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Significance of light blue engine block?

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Bob W View Drop Down
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Post Options Post Options   Thanks (0) Thanks(0)   Quote Bob W Quote  Post ReplyReply Direct Link To This Post Posted: 30 May 2020 at 7:39am
Originally posted by shadow shadow wrote:

the engine I have was painted the light blue / teal or what I found as a close match was International Harvester Sky blue, this I think was linked to being rebuilt or modified at factory up in Canada

That is an interesting tag. Does the engine have a serial number stamped on the water pump boss?
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shadow View Drop Down
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Post Options Post Options   Thanks (0) Thanks(0)   Quote shadow Quote  Post ReplyReply Direct Link To This Post Posted: 12 June 2020 at 1:00am
I looked at the boss over the water pump but could not see any stamping so far, I will keep looking, I also need to review my photos to see if I took any pic of the block when I was going through it.
lets go for a rip eh bud

Andy
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Post Options Post Options   Thanks (0) Thanks(0)   Quote TBone73 Quote  Post ReplyReply Direct Link To This Post Posted: 23 Oct. 2020 at 5:03pm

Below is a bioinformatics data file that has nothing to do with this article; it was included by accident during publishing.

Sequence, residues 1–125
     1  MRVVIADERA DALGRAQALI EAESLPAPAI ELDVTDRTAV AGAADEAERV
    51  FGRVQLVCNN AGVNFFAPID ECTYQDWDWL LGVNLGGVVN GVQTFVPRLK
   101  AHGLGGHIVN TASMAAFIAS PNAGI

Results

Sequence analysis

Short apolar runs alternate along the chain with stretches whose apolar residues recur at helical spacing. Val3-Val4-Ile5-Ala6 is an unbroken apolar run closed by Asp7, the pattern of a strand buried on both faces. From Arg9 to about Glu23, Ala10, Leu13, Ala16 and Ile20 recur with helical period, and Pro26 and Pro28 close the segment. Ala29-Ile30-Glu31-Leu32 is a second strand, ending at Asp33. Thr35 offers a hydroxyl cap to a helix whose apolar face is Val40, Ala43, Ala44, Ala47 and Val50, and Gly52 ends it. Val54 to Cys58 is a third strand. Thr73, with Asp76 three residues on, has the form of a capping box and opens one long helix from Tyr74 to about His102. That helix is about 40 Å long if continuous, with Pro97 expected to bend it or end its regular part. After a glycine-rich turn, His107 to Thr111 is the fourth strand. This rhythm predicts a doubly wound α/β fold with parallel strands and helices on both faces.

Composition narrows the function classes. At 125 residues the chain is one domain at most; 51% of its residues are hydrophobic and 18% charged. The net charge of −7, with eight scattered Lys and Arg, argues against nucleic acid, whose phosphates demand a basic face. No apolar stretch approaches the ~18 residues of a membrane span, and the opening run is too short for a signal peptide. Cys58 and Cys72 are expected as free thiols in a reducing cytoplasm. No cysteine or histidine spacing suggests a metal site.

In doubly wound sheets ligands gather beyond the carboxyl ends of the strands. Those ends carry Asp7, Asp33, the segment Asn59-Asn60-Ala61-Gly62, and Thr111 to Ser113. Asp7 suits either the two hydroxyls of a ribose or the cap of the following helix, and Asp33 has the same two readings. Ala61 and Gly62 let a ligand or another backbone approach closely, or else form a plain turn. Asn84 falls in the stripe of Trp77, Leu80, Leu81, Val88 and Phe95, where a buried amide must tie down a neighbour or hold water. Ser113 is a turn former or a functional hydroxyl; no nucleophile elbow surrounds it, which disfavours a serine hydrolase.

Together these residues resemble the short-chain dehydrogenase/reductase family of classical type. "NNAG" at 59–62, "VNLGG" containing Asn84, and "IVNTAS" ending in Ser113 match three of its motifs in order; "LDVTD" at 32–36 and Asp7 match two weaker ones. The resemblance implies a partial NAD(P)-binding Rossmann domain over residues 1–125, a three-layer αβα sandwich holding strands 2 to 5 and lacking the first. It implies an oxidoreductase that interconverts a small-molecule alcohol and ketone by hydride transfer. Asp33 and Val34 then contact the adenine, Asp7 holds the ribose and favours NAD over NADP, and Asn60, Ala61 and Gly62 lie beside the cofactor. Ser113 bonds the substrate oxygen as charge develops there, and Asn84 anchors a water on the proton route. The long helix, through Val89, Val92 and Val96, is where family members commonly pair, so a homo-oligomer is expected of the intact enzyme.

Hi Guys,

Got my engine out a month a go.. About to put it back in, but I snapped a couple of photos! Anyone tell me anything about this engine??





Restored 1946 CJ-2A
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Post Options Post Options   Thanks (0) Thanks(0)   Quote Oldpappy Quote  Post ReplyReply Direct Link To This Post Posted: 08 Dec. 2020 at 3:24pm
 It is what happens when women describe colors. I had a hotrod 66 Ford truck back in the 80s, and a woman who worked with me was always asking me to sell it to her. It was light blue and white, which she called "Cornflower Blue" and "cream".

There is a running joke between me and my wife about what the names of colors would be if men started coming up with them, which we already do but don't want to admit it. Else where did "Baby Sh!T Yellow" or "Puke Green" come from?

I miss the way Sears used to be, where you could get just about anything you would ever need. We don't have any stores like that anymore.
If you can't get there in a Jeep you don't need to be there
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Post Options Post Options   Thanks (0) Thanks(0)   Quote 19Cargo42 Quote  Post ReplyReply Direct Link To This Post Posted: 08 Dec. 2020 at 5:20pm
"We don't have any stores like that anymore."

I bought a lot of stuff at Sears or through the catalog, and agree with that.

However, we do have the internet, which has been a huge help in locating parts. I remember going through Hemmings and then mailing my "wanted" list to vendors to see what they had. 

And yes, I walked to school uphill, both ways, in snow. (My God, I've become an old fart!)

John
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Post Options Post Options   Thanks (0) Thanks(0)   Quote Oldpappy Quote  Post ReplyReply Direct Link To This Post Posted: 10 Dec. 2020 at 2:12pm